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There’s energy in Meghan Trainor be it her debut work like All About That Bass or in her new single Me Too, her amazing voice carries the songs wonderfully. Though Me Too created controversy when her label digitally altered her body image, she spoke it aloud and brought justice to what she desired.
The opener Watch Me Do uses a ‘70s funk with excellent drum fills and a strong horn chart. Meghan coos, “I’m the shhhh / be quiet / I’ve been on a / Low-hater diet,” with reference to bluesman James Brown. The 22-year-old singer has it good with the anthemic No, rejecting an unsolicited suitor, the ultimate expression of female decision. The song fits right in with Meghan’s idea of “women making their own choices” point of view. It is a strong response by Meghan who has written this and all the songs on the album.
Better and I Won’t Let You Down are an interesting duo of songs because of their opposing lyrical points of view. Kindly Calm Me Down strips away the pop beats, allowing Meghan to show her vocal range all the way. Woman Up, is a strip out from a 2014 song by former Pussycat Doll Ashley Roberts, on which Meghan talks about a powerful woman as a “survivor”, a “fighter” who lives by her own rules, and swaps it for one who merely “don’t need a man.” Plain dance songs that have plenty of fun in them would be Dance Like Yo Daddy and the title track Thank You (featuring a bit of rap by R City), and the soft jam of Champagne Problems. Meghan did something unique on the album by bringing in her mother Kelli Trainor on the song Mom, where you get to hear her expressing her love for her mom. You could dedicate the mid-tempo piece to your own mom. The words are simply touching. In Bob Marley’s style of No Woman, No Cry reggae pitch, Meghan takes on Friends.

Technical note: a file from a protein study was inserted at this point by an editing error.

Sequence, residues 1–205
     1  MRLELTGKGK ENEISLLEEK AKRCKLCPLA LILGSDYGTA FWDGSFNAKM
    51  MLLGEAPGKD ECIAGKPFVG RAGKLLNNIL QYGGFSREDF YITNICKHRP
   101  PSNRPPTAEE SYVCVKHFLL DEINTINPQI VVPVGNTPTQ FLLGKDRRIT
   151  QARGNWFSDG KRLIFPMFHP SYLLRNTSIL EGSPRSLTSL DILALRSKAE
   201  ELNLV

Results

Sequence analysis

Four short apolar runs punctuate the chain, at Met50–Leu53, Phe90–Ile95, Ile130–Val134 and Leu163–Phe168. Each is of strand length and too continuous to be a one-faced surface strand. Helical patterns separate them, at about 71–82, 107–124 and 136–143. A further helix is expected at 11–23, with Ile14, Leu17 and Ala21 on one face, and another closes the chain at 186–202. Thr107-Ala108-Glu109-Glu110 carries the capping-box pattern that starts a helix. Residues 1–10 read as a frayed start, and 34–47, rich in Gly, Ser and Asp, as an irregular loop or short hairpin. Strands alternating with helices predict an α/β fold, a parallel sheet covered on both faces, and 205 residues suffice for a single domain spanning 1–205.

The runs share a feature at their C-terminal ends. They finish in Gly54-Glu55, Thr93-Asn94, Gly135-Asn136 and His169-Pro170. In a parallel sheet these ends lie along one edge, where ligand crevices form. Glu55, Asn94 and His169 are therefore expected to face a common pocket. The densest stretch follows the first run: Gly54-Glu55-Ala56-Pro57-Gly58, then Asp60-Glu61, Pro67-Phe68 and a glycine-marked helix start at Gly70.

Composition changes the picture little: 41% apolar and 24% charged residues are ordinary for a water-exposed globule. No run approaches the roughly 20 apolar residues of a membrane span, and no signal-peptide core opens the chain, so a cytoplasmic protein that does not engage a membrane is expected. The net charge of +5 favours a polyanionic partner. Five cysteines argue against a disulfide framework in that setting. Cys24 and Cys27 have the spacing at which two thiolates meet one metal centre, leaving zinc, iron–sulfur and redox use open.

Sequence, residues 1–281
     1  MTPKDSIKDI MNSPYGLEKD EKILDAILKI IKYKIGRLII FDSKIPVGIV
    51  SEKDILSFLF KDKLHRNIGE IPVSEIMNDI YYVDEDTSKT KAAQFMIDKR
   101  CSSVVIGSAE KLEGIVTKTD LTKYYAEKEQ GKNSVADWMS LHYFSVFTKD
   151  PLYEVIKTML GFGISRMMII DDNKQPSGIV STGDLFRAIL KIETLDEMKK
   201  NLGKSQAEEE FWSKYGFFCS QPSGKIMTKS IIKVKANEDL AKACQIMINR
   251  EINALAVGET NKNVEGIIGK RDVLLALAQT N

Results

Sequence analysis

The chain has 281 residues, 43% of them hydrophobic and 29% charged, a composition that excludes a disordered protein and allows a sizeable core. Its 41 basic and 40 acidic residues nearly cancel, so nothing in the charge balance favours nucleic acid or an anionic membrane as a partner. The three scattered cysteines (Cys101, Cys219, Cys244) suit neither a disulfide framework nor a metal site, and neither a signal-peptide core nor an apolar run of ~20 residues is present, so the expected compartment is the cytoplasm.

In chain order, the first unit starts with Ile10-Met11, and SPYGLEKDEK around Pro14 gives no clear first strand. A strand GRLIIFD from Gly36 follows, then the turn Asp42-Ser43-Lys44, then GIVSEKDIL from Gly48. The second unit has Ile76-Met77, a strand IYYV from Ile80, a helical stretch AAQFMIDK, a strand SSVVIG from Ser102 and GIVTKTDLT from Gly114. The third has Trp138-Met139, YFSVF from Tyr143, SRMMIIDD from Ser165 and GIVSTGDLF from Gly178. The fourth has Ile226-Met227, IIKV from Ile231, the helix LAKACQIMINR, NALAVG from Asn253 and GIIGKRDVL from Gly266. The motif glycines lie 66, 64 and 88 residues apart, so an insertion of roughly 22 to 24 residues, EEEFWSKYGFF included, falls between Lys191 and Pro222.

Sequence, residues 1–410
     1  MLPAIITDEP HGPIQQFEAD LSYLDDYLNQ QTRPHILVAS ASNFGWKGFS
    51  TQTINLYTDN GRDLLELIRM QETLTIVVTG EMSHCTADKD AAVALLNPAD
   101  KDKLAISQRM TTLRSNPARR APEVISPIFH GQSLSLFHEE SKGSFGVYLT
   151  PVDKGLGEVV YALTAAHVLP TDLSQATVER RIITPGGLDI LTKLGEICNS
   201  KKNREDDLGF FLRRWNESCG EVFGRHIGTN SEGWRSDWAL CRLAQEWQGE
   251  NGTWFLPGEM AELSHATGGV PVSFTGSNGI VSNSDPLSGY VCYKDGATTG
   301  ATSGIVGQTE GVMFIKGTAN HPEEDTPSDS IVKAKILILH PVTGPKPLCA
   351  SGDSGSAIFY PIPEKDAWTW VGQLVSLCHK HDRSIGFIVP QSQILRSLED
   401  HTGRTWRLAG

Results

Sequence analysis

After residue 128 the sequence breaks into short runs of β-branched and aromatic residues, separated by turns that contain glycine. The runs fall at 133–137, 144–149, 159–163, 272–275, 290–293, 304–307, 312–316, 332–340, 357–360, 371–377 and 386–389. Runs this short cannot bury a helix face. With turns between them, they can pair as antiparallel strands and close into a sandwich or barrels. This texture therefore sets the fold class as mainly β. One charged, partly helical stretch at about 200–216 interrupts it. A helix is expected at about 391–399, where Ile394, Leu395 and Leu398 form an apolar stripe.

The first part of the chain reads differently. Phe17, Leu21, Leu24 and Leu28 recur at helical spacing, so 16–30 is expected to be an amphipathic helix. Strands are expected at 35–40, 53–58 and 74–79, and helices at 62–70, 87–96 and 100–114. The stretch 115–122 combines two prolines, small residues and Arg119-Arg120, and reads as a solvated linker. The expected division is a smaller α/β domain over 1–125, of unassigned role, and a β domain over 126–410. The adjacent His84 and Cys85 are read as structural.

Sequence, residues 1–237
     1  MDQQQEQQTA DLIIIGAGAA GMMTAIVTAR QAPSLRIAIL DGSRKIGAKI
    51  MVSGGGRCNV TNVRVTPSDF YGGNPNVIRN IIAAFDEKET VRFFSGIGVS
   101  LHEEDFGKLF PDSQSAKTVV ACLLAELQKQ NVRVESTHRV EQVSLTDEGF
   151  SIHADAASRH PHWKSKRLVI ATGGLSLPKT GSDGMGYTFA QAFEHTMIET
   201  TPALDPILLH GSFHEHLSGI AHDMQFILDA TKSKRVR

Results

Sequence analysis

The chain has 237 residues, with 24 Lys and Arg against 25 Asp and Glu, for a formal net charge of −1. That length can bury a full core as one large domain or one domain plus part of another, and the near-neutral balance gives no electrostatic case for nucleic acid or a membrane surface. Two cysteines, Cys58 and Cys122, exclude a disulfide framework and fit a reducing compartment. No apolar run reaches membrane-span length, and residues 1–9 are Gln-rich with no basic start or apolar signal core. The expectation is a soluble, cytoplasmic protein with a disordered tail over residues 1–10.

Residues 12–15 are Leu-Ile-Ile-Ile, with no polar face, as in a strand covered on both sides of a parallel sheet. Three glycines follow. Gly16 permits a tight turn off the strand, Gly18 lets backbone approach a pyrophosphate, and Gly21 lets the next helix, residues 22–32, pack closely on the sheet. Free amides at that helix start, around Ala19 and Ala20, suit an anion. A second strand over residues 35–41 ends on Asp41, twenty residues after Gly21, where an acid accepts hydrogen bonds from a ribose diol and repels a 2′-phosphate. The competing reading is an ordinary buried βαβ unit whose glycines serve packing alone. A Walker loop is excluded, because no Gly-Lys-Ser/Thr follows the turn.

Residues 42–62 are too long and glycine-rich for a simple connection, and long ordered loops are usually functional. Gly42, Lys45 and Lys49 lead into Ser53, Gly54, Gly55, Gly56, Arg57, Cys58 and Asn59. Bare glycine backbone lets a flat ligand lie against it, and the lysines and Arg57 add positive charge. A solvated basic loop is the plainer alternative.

If you need to pin on some real mushy songs and see the softer side of Meghan, try Hopeless Romantic featuring a simple guitar accompaniment and layered harmony vocals. Those vocals once again are reminiscent of the ‘90s, and the ukulele-driven strumming of Just A Friend To You.
Thank You is an interesting album in that it shows musical growth for Meghan Trainor while simultaneously moving her closer to mainstream pop. It’s not really great, but for a singer of Meghan’s calibre who is still making a mark in the industry it’s worth an audition.
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